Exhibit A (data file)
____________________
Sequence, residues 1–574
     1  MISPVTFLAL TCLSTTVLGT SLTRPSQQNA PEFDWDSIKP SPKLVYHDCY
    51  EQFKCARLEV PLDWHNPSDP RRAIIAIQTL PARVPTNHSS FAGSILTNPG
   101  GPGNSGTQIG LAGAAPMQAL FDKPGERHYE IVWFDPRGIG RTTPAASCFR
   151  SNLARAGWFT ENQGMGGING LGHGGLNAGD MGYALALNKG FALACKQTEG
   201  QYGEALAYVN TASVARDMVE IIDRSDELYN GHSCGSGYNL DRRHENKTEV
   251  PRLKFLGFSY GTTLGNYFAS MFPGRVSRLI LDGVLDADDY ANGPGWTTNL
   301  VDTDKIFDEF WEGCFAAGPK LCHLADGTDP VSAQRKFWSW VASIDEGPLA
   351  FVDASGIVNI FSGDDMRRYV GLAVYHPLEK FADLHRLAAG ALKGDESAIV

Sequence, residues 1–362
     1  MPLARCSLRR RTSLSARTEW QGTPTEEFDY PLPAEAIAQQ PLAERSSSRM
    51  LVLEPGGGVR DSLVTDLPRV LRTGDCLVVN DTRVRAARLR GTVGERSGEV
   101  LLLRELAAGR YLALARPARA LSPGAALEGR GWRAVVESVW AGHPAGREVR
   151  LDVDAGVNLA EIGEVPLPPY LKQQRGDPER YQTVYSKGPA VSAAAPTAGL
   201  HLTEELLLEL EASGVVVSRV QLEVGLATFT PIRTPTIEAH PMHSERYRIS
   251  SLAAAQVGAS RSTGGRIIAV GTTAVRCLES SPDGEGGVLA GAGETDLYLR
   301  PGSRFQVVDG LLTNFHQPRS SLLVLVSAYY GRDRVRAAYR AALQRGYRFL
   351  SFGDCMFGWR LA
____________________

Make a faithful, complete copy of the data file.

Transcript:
Sequence, residues 1–574
     1  MISPVTFLAL TCLSTTVLGT SLTRPSQQNA PEFDWDSIKP SPKLVYHDCY
    51  EQFKCARLEV PLDWHNPSDP RRAIIAIQTL PARVPTNHSS FAGSILTNPG
   101  GPGNSGTQIG LAGAAPMQAL FDKPGERHYE IVWFDPRGIG RTTPAASCFR
   151  SNLARAGWFT ENQGMGGING LGHGGLNAGD MGYALALNKG FALACKQTEG
   201  QYGEALAYVN TASVARDMVE IIDRSDELYN GHSCGSGYNL DRRHENKTEV
   251  PRLKFLGFSY GTTLGNYFAS MFPGRVSRLI LDGVLDADDY ANGPGWTTNL
   301  VDTDKIFDEF WEGCFAAGPK LCHLADGTDP VSAQRKFWSW VASIDEGPLA
   351  FVDASGIVNI FSGDDMRRYV GLAVYHPLEK FADLHRLAAG ALKGDESAIV

Sequence, residues 1–362
     1  MPLARCSLRR RTSLSARTEW QGTPTEEFDY PLPAEAIAQQ PLAERSSSRM
    51  LVLEPGGGVR DSLVTDLPRV LRTGDCLVVN DTRVRAARLR GTVGERSGEV
   101  LLLRELAAGR YLALARPARA LSPGAALEGR GWRAVVESVW AGHPAGREVR
   151  LDVDAGVNLA EIGEVPLPPY LKQQRGDPER YQTVYSKGPA VSAAAPTAGL
   201  HLTEELLLEL EASGVVVSRV QLEVGLATFT PIRTPTIEAH PMHSERYRIS
   251  SLAAAQVGAS RSTGGRIIAV GTTAVRCLES SPDGEGGVLA GAGETDLYLR
   301  PGSRFQVVDG LLTNFHQPRS SLLVLVSAYY GRDRVRAAYR AALQRGYRFL
   351  SFGDCMFGWR LA